There’s ample storage in the roomy sleeper compartment. Driver-oriented touches include a full-length wardrobe cabinet; dedicated space for a 22-inch, flat-screen TV; a mini-fridge; room for a microwave oven; and what Peterbilt says is the longest mattress in the industry, measuring a full 80 inches in length. The interior features are rounded out with ample power ports throughout the sleeper, a pull-out desk for eating and working, and a large, “belt buckle” Peterbilt logo dominating the back wall.
New visual cues outside the truck include a wide array of bumper options, LED running lamps, 15-inch stainless steel air cleaners, West Coast style rear-view mirrors — “Just like God intended,” White quipped — and the obligatory dual chrome exhaust stacks. New roof components include a new sun visor design and bullet-style marker lights that are twice as bright as the lights found on the Model 389.
There’s a new battery box on the side of the truck as well. It’s fully integrated with access to the truck’s exhaust aftertreatment system and features an easy-access toolbox.
Tough on the Outside, Luxury on the Inside
If you’re a Model 389 fan, climbing up into the new Model 589 is going to be a very familiar and comfortable experience. That long nose is still out front. But visibility is better thanks to a new flat windshield design that is 2 inches taller than its predecessor. The new dash and center console graphics were crisp and clear, even in the bright light of a Texas spring morning.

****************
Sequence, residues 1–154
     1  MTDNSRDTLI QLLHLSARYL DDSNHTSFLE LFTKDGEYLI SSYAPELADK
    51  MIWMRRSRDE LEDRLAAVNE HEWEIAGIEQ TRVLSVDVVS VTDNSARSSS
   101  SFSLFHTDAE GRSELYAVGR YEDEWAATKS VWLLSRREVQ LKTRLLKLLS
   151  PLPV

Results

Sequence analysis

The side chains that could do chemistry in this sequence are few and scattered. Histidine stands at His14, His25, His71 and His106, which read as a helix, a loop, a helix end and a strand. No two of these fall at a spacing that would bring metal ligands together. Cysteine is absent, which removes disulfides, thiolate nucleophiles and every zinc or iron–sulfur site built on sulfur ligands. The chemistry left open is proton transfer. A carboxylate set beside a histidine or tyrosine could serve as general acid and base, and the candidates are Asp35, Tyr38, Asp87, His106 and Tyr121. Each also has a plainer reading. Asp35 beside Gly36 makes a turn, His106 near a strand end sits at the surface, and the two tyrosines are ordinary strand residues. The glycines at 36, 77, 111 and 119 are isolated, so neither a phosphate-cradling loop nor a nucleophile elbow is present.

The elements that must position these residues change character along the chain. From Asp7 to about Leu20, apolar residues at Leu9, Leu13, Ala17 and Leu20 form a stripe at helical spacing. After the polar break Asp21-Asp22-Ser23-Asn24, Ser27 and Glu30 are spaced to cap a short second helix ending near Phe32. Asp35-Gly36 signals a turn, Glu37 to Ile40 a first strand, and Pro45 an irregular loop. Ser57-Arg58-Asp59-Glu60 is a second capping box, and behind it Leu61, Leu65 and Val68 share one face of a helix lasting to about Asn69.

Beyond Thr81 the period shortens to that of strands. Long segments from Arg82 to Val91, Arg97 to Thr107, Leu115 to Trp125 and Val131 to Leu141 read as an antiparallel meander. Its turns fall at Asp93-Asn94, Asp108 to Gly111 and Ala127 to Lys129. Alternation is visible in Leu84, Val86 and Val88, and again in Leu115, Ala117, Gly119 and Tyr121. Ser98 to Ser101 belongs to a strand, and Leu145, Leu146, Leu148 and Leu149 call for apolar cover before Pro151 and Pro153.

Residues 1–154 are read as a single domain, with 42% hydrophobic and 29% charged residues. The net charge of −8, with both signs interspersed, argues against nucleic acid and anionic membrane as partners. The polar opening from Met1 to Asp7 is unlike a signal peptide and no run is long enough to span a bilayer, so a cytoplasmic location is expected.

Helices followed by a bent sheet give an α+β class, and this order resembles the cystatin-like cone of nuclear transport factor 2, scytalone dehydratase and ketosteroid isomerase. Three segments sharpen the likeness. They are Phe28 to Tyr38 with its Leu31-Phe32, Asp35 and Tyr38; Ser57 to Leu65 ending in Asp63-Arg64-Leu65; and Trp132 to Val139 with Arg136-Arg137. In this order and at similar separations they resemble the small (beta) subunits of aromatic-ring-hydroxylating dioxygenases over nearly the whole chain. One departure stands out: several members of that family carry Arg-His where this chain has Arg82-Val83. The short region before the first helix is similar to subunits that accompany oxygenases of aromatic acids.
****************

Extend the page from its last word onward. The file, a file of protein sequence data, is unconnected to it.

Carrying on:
The 510-hp Paccar MX-13 engine fired right up. The Paccar TX-12 automated transmission didn’t flinch when it came to getting our 65,000-pound trailer moving. The truck accelerated smoothly with slippery-smooth gear shifts and just the right amount of engine rumble bubbling up from the engine compartment.
The interior is surprisingly quiet, even when it’s accelerating at lower speeds. Noise levels at highway speeds are about as good as you’d expect from a high-end passenger car.
The Model 589 is rock-steady on the road. The ride is incredibly smooth and the suspension shrugs off potholes with a casualness bordering on disdain. The truck tracks true both in cruise mode and while braking. Even with that long nose out in front of you, views forward are extremely good. The same holds true to the sides and rear of the truck.
Ergonomically speaking, the Model 589 is like a spaceship compared to a vintage long-nose tractor. The placement, lighting and graphics on the gauges and controls could not be better. Every switch, dial or lever can be quickly identified and reached by the driver. Everything has an intuitive, easy-to-use feel to it.
The Model 589 may look like something from trucking’s Golden Age. But under its skin, it’s about as modern, safe and comfortable a truck as you’re likely to find anywhere. Peterbilt wanted a truck with a classic look and a completely modern interior. And that’s what its engineers have delivered. It’s got the traditional, tried-and-true, two-fisted stance and exterior that its fans love. But in the cab, it’s as modern and downright luxurious as any premium truck on the market today.
If you’re a fan of the Peterbilt Model 389, the new Model 589 is only going to deepen your affection for this class design. It’s everything you’ve always loved about a long-nosed conventional — made even better.